The people buried here at the ceremonial center were attended with the fullest ritual and care. Although the early archaeologists’ excavations of these special places cannot be undone, their records, and the artifacts, tell us much about the people, and their ways of life and death. Some of the burials were first burned in another location, then the remaining ash and bone swept together and re-deposited here. Most were buried unburned, though, stretched out in log tombs.

Inside buildings, some of the tombs were covered with mounds. It’s possible that burying, mounding, burning, and depositing precious objects were all going on at once: a concentrated mix of human effort and vision with the elements of earth and fire.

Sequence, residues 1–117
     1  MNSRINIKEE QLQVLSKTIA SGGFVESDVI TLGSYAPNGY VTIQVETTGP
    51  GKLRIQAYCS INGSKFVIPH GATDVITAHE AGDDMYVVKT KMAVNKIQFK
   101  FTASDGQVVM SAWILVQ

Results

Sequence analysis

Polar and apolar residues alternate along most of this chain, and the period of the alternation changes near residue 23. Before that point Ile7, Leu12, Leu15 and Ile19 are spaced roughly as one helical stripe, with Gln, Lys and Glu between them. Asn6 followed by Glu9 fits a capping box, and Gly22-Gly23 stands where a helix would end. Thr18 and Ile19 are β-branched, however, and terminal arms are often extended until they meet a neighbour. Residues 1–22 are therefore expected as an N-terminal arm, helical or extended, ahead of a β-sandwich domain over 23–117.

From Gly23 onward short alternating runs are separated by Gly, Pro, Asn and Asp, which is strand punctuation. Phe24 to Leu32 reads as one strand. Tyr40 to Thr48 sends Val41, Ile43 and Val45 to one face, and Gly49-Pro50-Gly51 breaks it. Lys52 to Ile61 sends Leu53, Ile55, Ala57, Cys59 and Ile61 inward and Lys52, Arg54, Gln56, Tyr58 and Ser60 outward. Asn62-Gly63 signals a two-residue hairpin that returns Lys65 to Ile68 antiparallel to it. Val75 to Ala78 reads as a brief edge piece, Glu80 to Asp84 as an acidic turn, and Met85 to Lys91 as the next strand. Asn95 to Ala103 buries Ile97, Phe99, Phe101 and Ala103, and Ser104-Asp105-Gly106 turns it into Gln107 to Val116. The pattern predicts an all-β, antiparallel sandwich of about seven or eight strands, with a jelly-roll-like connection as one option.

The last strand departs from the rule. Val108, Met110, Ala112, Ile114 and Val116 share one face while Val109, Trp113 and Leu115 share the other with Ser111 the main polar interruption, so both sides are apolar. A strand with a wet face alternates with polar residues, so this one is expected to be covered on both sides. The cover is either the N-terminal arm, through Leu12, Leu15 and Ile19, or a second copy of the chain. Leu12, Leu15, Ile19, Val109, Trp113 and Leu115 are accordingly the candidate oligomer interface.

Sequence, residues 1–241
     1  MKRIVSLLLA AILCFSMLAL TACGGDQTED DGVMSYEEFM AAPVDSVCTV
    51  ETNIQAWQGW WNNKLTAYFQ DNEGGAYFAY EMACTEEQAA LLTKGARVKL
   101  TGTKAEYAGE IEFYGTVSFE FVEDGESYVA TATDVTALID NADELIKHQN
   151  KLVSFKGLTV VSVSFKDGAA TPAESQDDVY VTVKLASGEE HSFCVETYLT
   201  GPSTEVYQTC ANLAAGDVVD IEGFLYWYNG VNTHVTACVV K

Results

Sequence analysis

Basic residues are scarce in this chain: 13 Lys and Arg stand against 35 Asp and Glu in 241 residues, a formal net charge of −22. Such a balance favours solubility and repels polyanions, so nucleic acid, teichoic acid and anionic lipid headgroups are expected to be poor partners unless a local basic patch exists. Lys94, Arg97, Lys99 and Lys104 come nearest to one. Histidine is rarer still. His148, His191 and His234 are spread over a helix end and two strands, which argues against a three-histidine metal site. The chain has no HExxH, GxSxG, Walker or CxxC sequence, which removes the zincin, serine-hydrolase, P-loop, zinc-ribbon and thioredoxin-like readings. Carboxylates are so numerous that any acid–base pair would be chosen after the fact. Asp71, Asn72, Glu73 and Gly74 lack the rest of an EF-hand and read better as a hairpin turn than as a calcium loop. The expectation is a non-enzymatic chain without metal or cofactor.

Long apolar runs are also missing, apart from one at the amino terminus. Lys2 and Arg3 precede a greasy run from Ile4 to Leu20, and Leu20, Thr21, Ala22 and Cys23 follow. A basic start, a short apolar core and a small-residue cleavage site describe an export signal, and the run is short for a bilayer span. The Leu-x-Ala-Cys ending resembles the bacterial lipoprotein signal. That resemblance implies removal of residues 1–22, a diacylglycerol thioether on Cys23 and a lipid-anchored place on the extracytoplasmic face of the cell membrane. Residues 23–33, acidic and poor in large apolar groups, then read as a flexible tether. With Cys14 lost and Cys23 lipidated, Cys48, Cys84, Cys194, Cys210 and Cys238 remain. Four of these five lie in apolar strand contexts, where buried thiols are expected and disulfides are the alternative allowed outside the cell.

About eighty of the graves under the Great Mound at Hopewell were in three large groups. These may have been kin groups, or clans, each with a respected place in the community. The nonperishable metals, stones, bone, and shells that survive were distributed widely, suggesting that there was not just one single, important person here. Each of the three groups included a few leaders, a larger number of people with some importance or special duties, and others without any particular prestige.

And, with plain graves right next to elaborate ones, it seems that there were not strong class divisions. In many societies, only the most powerful would be buried within such an important ceremonial center.

Fort Hill, Paint Valley



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